early reggae. No surprise there, since the band owes its existence to a
stint a few years ago backing up Derrick Morgan, a regular fixture on
the Jamaican hit parade back in the heyday. But the boyos don’t try and
cop a faux-island vibe, choosing instead to dirty things up a bit, get
funky and raise holy soulful hell in the dance. With riddim-music scene
stalwarts Joey Altruda and Chris Murray also on the bill, the Pier
faithful will surely shake free of sufferation. Starts at 7:30 p.m.;
free. (Tom Cheyney)

Bloc Party at the Greek Theater

written in the brochure that all 20-something upstarts from across the
pond these days will have to suffer ’80s comparisons before they even
utter “Testing one, two, three.” But unlike their outright thieving
American counterparts — namely Joy Division kleptomaniacs She Wants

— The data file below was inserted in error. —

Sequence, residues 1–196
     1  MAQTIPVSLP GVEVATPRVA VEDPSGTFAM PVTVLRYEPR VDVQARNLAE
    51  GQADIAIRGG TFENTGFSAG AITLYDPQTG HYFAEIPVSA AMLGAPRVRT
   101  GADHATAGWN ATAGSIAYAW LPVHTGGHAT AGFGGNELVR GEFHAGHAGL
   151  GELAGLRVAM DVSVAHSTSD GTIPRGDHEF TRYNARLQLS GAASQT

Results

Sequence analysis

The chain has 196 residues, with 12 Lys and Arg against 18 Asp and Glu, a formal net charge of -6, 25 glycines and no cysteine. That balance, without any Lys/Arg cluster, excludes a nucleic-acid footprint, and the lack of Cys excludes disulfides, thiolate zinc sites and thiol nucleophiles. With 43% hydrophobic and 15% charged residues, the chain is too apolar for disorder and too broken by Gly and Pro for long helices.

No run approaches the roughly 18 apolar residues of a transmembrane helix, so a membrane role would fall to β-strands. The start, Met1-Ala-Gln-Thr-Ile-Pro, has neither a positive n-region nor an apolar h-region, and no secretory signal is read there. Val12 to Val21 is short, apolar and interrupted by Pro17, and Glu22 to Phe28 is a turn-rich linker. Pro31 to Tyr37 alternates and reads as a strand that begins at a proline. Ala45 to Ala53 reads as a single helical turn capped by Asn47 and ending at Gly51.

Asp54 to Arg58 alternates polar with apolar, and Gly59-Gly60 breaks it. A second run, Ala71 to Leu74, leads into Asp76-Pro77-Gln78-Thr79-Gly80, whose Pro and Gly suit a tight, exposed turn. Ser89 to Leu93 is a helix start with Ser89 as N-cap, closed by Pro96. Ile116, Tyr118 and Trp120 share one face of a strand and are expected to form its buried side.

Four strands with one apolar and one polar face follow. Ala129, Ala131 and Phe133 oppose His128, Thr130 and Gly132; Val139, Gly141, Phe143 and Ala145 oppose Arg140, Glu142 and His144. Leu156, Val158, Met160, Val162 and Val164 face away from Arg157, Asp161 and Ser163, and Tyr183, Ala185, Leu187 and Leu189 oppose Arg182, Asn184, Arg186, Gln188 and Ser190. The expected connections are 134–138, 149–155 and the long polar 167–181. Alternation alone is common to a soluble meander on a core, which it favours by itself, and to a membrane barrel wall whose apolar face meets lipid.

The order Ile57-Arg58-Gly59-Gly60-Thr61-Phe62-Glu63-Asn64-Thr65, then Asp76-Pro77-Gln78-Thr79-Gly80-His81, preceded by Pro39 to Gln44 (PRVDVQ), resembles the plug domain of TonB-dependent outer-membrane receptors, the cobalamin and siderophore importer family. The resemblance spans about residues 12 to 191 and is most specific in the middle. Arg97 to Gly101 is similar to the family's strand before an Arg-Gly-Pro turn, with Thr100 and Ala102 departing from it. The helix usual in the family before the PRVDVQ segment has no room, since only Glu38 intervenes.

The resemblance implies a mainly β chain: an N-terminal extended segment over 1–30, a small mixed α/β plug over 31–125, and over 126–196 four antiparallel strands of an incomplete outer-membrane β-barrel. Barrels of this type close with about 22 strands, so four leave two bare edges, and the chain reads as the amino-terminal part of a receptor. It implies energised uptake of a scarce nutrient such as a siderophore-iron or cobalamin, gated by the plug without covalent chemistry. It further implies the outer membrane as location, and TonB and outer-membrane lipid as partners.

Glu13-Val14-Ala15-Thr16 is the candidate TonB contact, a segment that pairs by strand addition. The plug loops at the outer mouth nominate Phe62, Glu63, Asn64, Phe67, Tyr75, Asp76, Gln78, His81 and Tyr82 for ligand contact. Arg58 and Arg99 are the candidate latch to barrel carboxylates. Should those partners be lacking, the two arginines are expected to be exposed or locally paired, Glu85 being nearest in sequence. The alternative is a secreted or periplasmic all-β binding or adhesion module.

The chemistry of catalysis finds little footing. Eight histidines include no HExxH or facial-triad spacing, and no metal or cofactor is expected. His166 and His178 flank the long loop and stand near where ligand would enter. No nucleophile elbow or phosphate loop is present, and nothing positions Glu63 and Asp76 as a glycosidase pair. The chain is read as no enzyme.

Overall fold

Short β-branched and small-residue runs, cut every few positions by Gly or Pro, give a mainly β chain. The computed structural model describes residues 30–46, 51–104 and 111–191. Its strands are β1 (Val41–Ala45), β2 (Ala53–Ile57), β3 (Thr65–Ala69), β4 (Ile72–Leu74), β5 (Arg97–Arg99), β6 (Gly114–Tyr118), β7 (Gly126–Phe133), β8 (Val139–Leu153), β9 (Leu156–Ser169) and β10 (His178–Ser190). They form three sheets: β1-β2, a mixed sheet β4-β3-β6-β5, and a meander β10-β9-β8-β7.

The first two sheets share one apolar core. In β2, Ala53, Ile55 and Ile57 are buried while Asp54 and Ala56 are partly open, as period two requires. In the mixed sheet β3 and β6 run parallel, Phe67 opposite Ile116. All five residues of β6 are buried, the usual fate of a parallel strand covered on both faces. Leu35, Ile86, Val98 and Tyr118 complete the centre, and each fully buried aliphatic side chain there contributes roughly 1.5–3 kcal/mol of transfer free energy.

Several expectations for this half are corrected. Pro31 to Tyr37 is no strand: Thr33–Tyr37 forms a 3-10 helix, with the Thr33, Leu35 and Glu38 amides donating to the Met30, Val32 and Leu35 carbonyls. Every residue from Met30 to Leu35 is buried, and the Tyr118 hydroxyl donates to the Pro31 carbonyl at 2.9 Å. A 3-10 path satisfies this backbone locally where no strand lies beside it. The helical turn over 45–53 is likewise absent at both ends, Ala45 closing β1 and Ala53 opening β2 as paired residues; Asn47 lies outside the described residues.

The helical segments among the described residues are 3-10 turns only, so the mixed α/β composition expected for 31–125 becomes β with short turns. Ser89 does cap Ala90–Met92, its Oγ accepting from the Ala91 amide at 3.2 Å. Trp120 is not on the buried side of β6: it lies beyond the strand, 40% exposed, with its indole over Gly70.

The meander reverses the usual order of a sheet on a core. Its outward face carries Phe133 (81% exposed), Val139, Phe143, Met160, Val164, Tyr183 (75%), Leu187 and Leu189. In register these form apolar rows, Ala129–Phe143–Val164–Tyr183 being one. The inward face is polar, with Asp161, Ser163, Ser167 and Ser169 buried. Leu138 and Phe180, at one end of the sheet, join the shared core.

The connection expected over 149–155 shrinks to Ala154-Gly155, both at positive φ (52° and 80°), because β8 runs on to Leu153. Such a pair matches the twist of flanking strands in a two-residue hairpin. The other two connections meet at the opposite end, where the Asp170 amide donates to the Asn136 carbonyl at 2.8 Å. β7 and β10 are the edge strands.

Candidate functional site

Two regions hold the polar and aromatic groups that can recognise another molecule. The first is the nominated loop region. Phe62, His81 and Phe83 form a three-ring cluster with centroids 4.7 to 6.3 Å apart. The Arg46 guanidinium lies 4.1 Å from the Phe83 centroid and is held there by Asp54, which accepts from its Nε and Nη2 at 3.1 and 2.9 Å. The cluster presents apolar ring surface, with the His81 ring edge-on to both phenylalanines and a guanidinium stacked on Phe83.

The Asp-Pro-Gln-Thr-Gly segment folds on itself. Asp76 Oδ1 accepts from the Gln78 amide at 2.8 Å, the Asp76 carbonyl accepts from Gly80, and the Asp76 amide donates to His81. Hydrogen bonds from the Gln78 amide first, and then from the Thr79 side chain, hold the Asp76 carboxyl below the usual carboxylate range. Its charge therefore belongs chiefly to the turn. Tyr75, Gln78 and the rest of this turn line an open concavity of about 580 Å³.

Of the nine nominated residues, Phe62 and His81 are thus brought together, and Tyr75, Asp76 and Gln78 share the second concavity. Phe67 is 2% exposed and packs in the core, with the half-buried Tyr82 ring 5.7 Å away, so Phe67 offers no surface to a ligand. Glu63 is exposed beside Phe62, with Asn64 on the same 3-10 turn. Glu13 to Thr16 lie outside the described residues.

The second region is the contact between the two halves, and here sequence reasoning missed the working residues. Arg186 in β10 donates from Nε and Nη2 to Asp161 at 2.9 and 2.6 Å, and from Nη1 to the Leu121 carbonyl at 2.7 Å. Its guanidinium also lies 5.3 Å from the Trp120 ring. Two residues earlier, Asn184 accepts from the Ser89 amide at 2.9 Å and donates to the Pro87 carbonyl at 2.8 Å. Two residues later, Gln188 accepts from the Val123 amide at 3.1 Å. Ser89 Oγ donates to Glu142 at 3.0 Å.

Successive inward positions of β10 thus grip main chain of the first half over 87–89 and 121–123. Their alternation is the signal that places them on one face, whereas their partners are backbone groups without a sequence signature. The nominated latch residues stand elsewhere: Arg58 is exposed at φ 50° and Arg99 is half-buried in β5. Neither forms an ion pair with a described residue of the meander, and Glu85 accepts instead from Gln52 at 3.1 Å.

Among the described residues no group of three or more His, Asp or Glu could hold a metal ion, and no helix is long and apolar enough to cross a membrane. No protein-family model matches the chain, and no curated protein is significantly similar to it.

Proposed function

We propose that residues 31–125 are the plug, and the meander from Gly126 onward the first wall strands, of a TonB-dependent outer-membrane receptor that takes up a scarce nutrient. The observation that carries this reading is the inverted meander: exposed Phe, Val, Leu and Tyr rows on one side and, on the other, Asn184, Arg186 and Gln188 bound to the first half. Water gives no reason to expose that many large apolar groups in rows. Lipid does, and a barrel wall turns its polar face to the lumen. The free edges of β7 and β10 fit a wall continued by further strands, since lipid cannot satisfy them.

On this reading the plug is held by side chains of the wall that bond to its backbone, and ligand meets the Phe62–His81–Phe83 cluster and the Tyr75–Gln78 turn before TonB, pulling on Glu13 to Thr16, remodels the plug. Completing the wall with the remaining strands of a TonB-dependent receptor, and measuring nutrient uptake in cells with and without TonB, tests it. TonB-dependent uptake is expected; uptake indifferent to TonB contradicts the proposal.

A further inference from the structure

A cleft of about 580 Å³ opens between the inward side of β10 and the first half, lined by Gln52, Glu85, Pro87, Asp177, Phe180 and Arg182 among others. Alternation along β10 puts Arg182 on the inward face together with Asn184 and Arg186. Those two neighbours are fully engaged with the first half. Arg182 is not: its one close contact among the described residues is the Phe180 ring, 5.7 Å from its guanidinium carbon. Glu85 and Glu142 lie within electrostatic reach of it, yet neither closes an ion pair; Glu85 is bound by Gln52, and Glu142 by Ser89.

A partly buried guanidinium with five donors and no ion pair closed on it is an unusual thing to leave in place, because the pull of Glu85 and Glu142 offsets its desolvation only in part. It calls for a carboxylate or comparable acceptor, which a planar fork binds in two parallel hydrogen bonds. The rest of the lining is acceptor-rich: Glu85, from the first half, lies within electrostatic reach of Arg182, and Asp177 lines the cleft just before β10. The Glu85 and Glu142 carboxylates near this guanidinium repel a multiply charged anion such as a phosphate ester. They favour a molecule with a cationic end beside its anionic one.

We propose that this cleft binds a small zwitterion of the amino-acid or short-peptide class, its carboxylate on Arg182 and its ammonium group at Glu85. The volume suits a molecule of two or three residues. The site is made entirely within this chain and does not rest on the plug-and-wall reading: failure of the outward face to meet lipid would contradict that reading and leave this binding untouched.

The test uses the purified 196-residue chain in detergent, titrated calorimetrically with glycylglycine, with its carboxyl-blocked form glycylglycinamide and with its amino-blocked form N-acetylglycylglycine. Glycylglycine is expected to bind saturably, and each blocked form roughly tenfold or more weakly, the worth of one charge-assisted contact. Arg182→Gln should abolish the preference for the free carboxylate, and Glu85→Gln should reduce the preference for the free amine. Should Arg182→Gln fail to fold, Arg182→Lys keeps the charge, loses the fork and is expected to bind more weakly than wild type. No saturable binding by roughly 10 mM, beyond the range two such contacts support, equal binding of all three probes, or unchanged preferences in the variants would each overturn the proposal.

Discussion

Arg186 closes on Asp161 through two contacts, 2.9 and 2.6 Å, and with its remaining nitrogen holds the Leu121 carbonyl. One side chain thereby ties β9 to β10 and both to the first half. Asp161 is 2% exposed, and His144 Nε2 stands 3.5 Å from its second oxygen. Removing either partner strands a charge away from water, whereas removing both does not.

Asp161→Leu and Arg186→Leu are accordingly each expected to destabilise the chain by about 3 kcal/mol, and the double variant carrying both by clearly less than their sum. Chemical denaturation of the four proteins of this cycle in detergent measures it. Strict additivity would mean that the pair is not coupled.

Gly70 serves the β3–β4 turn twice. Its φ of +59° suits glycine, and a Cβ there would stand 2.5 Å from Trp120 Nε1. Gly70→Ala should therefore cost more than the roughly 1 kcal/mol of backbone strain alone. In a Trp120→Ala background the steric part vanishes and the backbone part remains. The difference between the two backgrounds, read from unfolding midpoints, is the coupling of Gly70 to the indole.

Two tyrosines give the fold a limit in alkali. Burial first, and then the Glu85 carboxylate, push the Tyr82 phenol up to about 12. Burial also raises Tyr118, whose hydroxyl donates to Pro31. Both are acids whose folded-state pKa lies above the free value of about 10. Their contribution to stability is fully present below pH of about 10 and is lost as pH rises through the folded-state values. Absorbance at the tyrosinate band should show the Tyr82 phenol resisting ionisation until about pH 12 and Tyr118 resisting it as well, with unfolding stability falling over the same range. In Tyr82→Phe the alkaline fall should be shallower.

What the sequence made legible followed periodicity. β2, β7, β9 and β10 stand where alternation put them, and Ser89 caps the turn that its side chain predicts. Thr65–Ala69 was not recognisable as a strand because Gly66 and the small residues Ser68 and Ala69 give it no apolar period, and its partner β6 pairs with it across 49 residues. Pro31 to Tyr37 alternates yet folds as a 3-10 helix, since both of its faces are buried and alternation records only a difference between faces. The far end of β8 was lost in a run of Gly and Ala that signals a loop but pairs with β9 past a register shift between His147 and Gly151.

Revenge — Bloc Party make at most a gentle nod to their forefathers on
their punk-disco, Mercury Prize–nominated 2005 debut, Silent Alarm.
Hits such as “Banquet,” “Helicopter” and “Like Eating Glass” go from
quiet and lush to throbbing and bombastic, thanks to the thunderous
percussion of drummer Matt Tong and the yelping (sometimes soft,
sometimes urgent) vocals of singer Kele Okereke, whose lyrics only
tread the shallow end of the gloomy waters (“If it can be broke, then
it can be fixed/if it can be fused, then it can be split,” he cries out
on “Pioneers”). After three years of heavy gigging, the London quartet